Even without seeing director Alexander Payne's critically acclaimed motion picture Nebraska, the soundtrack evokes a sense of poignant storytelling, motion, and depth. Multi-instrumentalist and film scorer Mark Orton vividly captures the essence of the film's story about a belligerent old manperformed by Bruce Dern who earned "Best Actor" for the role at the 2013 Cannes Film Festivalwho is relentlessly determined to collect, in person by the way, the unlikely one million dollar sweepstakes prize he is convinced he's won.
Orton who has written scores for films and documentaries works in familiar musical territory here and includes performances with his San Francisco based acoustic chamber music group Tin Hat Trio. The guitar-driven score takes the viewer or listener along for the ride through passages of quaint small-town folksiness to widespread landscapes decorated with the subtleties of bluegrass music in "Guitar Twenty Eight" or heart tugging melodies in "Immigration" as the tranquil glow of accordion, violin, and trumpet, and banjo cast either shadowy tones or bright hues to the film's black and white cinematography.
While the score's mid-western persona is indeed adventurous and rustic it also evokes more than the heartland of Americana with scenes imbued with unique temperaments in the haunting "To The Levee" and "The Ambush" with its slight Aussie guitar/violin theme or the weighty piano theme in "The Old House." Evocative, humorous, and at times downright touching, the music gives depth to Nebraska's complexities and humanness.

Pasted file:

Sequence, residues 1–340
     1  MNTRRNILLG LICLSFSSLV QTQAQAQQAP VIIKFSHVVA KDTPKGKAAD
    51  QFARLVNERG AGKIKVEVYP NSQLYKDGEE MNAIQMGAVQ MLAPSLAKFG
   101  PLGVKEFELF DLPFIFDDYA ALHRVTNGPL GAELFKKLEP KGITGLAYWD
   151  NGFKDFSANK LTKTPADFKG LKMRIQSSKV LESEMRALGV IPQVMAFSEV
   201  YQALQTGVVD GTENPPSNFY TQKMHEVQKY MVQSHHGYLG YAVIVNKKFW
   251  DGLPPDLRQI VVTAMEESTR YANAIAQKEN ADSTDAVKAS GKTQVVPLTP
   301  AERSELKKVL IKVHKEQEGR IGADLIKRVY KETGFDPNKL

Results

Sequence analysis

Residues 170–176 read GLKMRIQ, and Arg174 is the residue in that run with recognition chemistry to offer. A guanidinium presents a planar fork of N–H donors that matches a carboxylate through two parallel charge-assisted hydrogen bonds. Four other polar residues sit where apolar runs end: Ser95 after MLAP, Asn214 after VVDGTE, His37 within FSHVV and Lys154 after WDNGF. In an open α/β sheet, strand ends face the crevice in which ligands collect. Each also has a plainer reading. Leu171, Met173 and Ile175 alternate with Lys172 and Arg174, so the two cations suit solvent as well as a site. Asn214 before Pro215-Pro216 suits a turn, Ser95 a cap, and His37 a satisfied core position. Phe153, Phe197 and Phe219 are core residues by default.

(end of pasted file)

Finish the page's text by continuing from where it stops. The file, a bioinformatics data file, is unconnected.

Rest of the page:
Track Listing: Their Pie; New West; Herbert's Story; Gossip / Brownie's Pie; To The Levee; Magna Carta (Bernie Bowen Version); Bill; Diminished Capacity; The Old Compressor / Escape; The Ambush; Seaone; Night of the Skeptic; Guitar Twenty Eight; Immigration; Magna Carta; The Old House; Their Pie (Hawthorne Version.)
Personnel: Mark Orton: composer; guitars, keyboards, percussion, reed organ, autoharp, and bass harmonica; Mickey Raphael: harmonica; Ara Anderson: trumpet; Rob Burger: accordion; Ben Goldberg: clarinet; James Gregg: trumpet; Carla Kihlstedt: violin; Megan Orton: violin; Brian Pezzone: piano; Joshua Segal: clarinet.
I was first exposed to jazz when I discovered that one of Jimi Hendrix's influences was Wes Montgomery. I played guitar growing up and idolized Hendrix, so I knew that anyone he looked up to must be good
I was first exposed to jazz when I discovered that one of Jimi Hendrix's influences was Wes Montgomery. I played guitar growing up and idolized Hendrix, so I knew that anyone he looked up to must be good. I was 16 at the time. I went to Tower Records and purchased a CD by Wes, and I was hooked from the very first ten seconds. The sound of the song Lolita illuminated my bedroom, as I just sat back amazed at how colorful and soulful this music was--I understood it, even though at the time I didn't understand how to go about playing it. I get chills listening to Wes' solo on Lolita, and I can still listen to that song ten times in a row and never get tired of it. There is a truly timeless quality to genuinely spontaneous jazz music, and it is that quality that has inspired me to devote my life to studying and playing this music.